And that was it. She had me in the palm of her hand before I’d even laid eyes on her. She’s different to me in lots of ways, but we share exactly enough middle ground to get on like a house on fire. She’s in-your-face gorgeous with waves of fire-engine red hair that almost reach her bum, and her figure is amazing, though she doesn’t give a toss about how she looks.
Normally someone as gorgeous as her would make me feel like the ugly sister, but Sarah has this way of making you feel good about yourself. The first thing she said to me when she got back from the corner shop that day was, ‘Fucking hell! You’re a dead ringer for Elizabeth Taylor. We’re going to have to get a deadlock on the door or else we’re gonna cause a riot.’
She was exaggerating, of course. I don’t look very much like Elizabeth Taylor. I have my French maternal grandmother to thank for my dark hair and blue eyes; she was quite a celebrated ballerina in her twenties; we have the prized programmes and grainy press cuttings to prove it. But I’ve always thought of myself as more of a failed Parisian; I have inherited my grandmother’s form but not her grace, and her neat brunette chignon has become a permanently electrocuted mass of curls in my hands. Besides, there’s no way I’d ever have the discipline for dancing, I’m far too fond of an extra chocolate biscuit. I’m going to be a goner when my metabolism catches up with me.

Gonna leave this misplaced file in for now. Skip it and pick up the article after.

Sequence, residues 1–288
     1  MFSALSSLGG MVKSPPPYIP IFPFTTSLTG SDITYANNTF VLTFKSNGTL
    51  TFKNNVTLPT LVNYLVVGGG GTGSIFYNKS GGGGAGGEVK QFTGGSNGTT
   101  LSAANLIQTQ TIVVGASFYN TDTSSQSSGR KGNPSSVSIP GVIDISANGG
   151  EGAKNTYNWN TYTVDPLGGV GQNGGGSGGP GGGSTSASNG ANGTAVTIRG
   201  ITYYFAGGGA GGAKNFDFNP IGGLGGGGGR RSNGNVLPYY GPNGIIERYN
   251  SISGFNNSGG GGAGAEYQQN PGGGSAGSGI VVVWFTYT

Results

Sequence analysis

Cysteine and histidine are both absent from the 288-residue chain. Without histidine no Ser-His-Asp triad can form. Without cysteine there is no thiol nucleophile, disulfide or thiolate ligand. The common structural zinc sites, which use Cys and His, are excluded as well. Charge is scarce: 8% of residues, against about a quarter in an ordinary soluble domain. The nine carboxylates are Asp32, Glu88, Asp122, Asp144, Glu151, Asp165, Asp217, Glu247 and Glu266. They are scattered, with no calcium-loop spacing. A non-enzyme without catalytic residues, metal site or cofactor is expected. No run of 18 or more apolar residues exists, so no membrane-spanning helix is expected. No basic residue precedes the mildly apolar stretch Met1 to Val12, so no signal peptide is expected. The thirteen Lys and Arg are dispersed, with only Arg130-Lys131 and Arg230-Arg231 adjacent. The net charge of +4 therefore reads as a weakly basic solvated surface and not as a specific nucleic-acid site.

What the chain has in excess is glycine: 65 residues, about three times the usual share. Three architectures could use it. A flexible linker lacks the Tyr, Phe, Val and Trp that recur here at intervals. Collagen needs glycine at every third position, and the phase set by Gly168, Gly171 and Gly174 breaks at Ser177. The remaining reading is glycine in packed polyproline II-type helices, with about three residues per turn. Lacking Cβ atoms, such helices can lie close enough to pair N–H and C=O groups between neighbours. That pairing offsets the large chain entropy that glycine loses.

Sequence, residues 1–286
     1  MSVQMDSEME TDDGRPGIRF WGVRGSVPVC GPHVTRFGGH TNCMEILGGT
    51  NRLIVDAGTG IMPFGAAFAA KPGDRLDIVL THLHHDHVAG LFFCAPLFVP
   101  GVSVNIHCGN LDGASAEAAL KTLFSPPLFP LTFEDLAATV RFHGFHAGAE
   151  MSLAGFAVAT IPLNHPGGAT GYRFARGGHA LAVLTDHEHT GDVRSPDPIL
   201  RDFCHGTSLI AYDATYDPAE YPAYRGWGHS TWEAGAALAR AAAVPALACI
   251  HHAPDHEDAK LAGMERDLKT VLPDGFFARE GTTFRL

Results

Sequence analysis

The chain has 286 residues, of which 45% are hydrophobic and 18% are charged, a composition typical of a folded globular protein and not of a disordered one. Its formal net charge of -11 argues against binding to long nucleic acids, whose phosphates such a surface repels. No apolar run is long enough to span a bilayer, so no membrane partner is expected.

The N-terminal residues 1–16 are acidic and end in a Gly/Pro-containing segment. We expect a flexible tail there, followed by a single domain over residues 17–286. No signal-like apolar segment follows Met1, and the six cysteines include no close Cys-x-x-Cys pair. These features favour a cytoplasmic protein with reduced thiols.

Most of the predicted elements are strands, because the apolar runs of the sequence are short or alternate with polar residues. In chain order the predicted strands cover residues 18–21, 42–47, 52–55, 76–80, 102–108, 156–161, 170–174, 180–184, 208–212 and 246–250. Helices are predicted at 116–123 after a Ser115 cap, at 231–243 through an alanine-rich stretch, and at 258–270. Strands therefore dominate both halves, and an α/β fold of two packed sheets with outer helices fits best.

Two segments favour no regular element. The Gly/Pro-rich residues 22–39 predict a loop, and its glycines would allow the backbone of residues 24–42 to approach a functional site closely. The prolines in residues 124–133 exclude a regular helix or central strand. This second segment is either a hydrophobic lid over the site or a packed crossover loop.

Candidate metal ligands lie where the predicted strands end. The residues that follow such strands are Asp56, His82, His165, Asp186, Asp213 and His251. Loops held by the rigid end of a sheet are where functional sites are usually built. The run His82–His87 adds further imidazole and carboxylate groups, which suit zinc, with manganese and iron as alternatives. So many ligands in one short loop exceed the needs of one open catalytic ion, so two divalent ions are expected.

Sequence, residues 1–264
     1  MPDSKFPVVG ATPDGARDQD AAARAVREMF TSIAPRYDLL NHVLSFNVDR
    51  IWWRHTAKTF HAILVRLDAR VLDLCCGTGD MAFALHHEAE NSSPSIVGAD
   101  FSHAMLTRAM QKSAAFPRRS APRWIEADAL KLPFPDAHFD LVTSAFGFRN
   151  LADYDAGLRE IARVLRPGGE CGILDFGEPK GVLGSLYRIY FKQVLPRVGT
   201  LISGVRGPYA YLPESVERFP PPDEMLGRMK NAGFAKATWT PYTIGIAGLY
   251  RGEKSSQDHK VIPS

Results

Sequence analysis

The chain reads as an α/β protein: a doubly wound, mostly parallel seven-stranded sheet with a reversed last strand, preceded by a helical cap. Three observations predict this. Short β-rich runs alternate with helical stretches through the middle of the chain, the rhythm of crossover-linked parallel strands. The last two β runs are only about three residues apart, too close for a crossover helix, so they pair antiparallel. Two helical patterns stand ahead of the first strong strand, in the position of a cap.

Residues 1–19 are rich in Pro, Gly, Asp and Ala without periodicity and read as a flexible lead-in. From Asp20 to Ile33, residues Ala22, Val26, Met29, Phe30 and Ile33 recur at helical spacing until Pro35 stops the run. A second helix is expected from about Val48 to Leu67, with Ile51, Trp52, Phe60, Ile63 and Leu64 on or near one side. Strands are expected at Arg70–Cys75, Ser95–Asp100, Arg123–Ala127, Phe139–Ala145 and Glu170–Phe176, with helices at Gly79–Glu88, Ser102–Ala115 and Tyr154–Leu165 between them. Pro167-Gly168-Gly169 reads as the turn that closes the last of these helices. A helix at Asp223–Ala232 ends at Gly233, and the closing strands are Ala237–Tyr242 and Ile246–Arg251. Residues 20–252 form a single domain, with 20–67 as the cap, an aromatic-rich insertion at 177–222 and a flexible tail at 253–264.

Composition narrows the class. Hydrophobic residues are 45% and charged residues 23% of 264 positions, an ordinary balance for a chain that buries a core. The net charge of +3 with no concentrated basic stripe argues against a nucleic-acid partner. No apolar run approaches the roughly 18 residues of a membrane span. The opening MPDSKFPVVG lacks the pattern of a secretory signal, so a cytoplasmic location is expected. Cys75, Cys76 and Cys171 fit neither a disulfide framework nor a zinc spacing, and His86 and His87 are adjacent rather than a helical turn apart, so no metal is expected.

Sarah jokingly refers to us as the prozzie and the princess. In truth, she’s not got an ounce of slut in her and I’m nowhere near ladylike enough for a princess. Like I said, we meet in the middle and we make each other laugh. She’s Thelma to my Louise, hence the reason I’m disconcerted that she’s suddenly fallen hook, line and sinker for a guy I haven’t even met or vetted for suitability.
‘Do we have enough booze, do you think?’ she asks now, casting a critical eye over the bottles lined up across the kitchen work surface. No one could call it a sophisticated collection; it’s pile ’em high and sell ’em cheap supermarket special offer wine and vodka we’ve been hoarding for the last three months to make sure our party is one to remember.